Monday, February 9, 2009

Beading With Angelina

The other day I went into the craft store to purchase some yarn so that I can make a hat and scarf for my son. So, of course, being a self confessed beadaholic, I did not pass up the opportunity to peruse the craft store’s selection of beads. While debating with my self whether or not I wanted to spend the money on a strand of ridiculously over priced glass beads (for which I had no clear idea as what to make with them), Angelina said to me, “Mother, I want to bead too.”

I looked down at her, smiled, abandoned the string of ridiculously over priced beads and said to her, “Alright lets go get you some beads.” Angie picked out a large bag of multi-shaped and brightly colored plastic beads and some clear plastic cord in which to string them on. Angie had a huge grin on her face and hugged her beads tightly to her chest as we made our way to the check out line.

When we got home I poured the beads into a bowl, cut a long length of plastic cord, added a stopper bead to the end of the cord, and gave her the bead bowl and prepped plastic cord. She went into her bedroom with her beading supplies, sat down on her bed, and began to string the beads on the cord. I grabbed my current beading project and joined her in her room and, also, began to bead.

As we sat together and beaded, I found myself more engrossed in watching her string beads, than working on my own project. At first, it seemed as though she picked out and strung the beads on the cord at random. There didn’t seem to be any type of color pattern or particular bead shape pattern. I thought that she was creating a sort of freeform necklace. But as I watched her more closely, I saw that before she added a bead to the cord she would rub it between her fingers. Then she would decide if the bead would be strung on the necklace or would be put back into the bowl in favor of a different bead. It was then that I realized that she was choosing the beads that she would string by their texture.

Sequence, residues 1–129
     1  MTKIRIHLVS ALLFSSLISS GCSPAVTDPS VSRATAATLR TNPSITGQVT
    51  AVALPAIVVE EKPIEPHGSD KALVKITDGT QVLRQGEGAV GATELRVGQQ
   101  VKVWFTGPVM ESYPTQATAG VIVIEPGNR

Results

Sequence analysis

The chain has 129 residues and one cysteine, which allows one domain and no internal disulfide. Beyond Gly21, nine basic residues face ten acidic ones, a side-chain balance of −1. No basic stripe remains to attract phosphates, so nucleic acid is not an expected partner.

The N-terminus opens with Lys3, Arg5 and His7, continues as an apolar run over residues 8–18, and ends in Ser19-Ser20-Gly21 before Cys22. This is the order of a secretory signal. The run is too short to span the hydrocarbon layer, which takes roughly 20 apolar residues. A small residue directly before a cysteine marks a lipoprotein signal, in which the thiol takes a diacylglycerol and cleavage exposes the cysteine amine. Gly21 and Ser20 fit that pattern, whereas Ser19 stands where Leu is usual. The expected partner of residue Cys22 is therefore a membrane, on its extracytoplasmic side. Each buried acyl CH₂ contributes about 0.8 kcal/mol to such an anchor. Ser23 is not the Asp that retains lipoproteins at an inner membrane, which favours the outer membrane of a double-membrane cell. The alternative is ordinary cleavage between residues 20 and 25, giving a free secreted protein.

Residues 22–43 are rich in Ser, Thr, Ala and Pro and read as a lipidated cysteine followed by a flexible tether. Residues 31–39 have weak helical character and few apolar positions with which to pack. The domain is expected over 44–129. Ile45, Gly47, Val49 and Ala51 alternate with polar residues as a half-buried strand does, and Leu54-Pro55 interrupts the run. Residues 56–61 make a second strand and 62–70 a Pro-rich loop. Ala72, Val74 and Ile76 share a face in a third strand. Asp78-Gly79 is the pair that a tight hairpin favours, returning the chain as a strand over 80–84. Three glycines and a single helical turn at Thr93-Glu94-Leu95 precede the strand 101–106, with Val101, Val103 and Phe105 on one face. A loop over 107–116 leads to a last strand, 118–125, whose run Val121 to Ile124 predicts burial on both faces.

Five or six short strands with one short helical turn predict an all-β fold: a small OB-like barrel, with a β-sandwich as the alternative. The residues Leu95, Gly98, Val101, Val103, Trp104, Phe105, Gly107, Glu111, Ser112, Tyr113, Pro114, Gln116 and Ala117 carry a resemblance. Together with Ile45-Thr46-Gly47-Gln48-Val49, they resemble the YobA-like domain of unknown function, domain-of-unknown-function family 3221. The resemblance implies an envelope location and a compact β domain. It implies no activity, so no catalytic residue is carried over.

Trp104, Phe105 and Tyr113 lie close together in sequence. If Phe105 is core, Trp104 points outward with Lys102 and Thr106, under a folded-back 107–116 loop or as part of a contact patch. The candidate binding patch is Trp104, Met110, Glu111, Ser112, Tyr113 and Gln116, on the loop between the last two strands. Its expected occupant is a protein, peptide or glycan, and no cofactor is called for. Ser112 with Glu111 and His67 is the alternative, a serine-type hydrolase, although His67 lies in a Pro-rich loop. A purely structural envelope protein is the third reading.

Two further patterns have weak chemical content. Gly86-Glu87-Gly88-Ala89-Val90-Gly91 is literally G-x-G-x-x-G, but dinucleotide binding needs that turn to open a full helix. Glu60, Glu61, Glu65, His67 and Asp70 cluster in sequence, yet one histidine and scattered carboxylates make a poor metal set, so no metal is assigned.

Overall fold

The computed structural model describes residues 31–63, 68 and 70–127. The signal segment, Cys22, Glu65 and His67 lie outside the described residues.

If you are unfamiliar with Autism, this probably doesn’t make much sense. Many autistic individual, Angelina included, are very tactile sensitive. There are textures that feel good to them as well as textures they can’t tolerate the feel of. That is why it is not surprising that she would choose the beads for her necklace based on their different textures.

When she was finished, I tied the knot for her, buried the ends of the cord inside the beads, and cut off the excess cord. Angie then asked for a second piece of plastic cord to be cut for her so that she could create another necklace. Angie beaded 2 brightly colored, multi-textured necklaces. She was very proud of her work and so am I. She kept one necklace for herself and gave the other one to me. The necklace she made for me is the best present that anyone has ever given me!!!

I invite you to visit my picturetrail website, “Bead Between The Lines.” I recently added pictures of several necklaces and chokers that I have created. You just might find something that you like or something that will inspire you. And please, take a moment to sign my guestbook

I am also on myspace.


Darling Nikki said...

What a beautiful page!
It's a mothers dream to share something of importance with their child. You have been blessed. She did a wonderful job.

Connect with your teens said...

That was such a nice activity to do with your daughter. That will be a memory the two of you will long remember.

Fashiongrail said...

Your star flower necklace is beautiful!

A. B. England said...

How wonderful you two were able to share that! I'm sure it made your daughter proud to have made something on her own.

Gifts made by little hands are always so cherished.

Trish said...

Isn't it wonderful when your kids are interested by something you are doing? It sounds like a lovely day!